NASA moon landing delayed: Here's the bad news

It's been over 50 years since any human set foot on the moon, but NASA has plans to change that. The agency's Artemis program aims to send humans to explore the moon's south pole in the next few years, using a brand new rocket and capsule system. But the path to achieving this ambitious goal hasn't been smooth. Despite an announcement in 2019 that people would be back on the moon within five years, the reality has turned out to be rather slower and more complex. So here's why you might have to wait a while longer before any of us see people back on our planet's favorite satellite.

NASA/Frank Michaux

The date for the crewed landing on the moon was pushed back by NASA in November last year. According to The Guardian, NASA administrator Bill Nelson laid some of the blame for delays on Congress, saying they had not allocated enough funds to cover the extensive costs needed for the mission, such as developing a lunar lander. There were also issues with a legal challenge from Amazon founder Jeff Bezos's Blue Origin company, which claimed that the process through which NASA chose rival SpaceX for developing the landing system was unfair. However, Blue Origin lost its legal challenge so SpaceX will go ahead with its lander development.

The original aim of the Artemis mission was to land humans on the moon by 2024, but that goal was widely considered to be unrealistic. The new goal is to land an uncrewed spacecraft on the moon by 2025 at the earliest, which is a much more achievable timeframe.

"Returning to the Moon as quickly and safely as possible is an agency priority," Nelson said (via NASA). "However, with the recent lawsuit and other factors, the first human landing under Artemis is likely no earlier than 2025."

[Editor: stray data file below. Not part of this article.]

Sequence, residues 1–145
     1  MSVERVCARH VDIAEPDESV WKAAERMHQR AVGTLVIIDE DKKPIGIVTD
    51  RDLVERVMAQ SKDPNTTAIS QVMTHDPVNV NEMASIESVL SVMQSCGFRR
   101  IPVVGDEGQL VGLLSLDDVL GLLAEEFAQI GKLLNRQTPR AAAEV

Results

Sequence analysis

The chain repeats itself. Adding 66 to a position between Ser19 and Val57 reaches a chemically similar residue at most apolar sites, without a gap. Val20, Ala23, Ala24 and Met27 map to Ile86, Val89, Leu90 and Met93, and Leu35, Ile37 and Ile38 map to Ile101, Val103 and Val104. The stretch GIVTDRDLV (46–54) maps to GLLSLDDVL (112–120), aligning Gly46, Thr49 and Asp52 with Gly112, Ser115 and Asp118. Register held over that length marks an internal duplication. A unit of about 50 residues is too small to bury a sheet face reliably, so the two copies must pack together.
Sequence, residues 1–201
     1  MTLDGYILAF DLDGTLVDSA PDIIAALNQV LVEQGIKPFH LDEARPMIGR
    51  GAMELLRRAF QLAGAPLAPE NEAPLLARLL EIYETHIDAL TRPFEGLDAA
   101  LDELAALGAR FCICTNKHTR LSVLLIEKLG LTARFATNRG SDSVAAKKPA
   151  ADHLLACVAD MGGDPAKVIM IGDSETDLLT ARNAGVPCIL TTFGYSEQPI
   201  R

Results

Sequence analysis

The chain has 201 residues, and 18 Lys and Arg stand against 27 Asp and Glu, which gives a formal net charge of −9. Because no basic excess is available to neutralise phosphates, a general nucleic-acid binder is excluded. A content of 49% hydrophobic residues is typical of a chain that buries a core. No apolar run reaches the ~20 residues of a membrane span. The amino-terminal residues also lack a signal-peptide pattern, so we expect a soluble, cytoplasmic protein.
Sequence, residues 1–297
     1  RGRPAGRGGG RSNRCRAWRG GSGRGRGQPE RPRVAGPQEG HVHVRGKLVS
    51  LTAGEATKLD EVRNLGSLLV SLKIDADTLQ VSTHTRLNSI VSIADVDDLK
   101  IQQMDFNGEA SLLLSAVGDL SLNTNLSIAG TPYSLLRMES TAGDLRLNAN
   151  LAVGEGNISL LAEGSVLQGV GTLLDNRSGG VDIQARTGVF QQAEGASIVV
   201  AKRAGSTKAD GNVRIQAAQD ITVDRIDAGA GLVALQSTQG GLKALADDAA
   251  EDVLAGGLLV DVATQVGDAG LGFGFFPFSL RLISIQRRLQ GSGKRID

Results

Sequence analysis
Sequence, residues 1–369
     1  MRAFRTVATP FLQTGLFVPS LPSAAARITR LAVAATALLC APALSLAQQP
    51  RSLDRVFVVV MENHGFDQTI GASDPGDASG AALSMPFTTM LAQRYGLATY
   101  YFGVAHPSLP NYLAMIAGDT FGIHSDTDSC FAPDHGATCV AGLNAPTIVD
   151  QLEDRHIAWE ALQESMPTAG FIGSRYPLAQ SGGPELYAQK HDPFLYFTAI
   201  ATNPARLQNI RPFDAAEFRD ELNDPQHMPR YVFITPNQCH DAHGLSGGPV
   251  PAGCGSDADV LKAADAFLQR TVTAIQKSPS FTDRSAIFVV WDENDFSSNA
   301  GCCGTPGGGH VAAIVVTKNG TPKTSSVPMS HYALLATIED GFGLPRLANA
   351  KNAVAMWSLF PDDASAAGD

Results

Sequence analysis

The Artemis plan

The Artemis program will consist of a series of missions, beginning with an uncrewed Artemis I mission to test out NASA's new rocket and spacecraft, which will eventually carry a crew. The Artemis I will see the Space Launch System rocket and the Orion capsule launched and sent into orbit around the moon for six days before returning.

This will be followed by Artemis II, aimed for 2024, which will be a crewed test flight of the same capsule and rocket, in which the crew will travel around the moon and then back to Earth.

The big mission, when humans will once again set foot on the moon, is Artemis III which is aimed for 2025. A special lander will take astronauts from orbit to the surface of the moon, where they will spend around a week before returning to Earth.

Beyond that, NASA also has plans for further missions to create the Lunar Gateway space station, and to create infrastructure on the moon like habitats, rovers, and scientific equipment.

All of this will be costly though. "Going forward, NASA is planning for at least 10 Moon landings in the future, and the agency needs significant increases in funding for future lander competition, starting with the 2023 budget," Nelson said (via NASA).

As of now, NASA is pushing ahead with testing for the Artemis I Core Stage, recently performing engineering testing to ensure the rocket is ready for its mission (via NASA).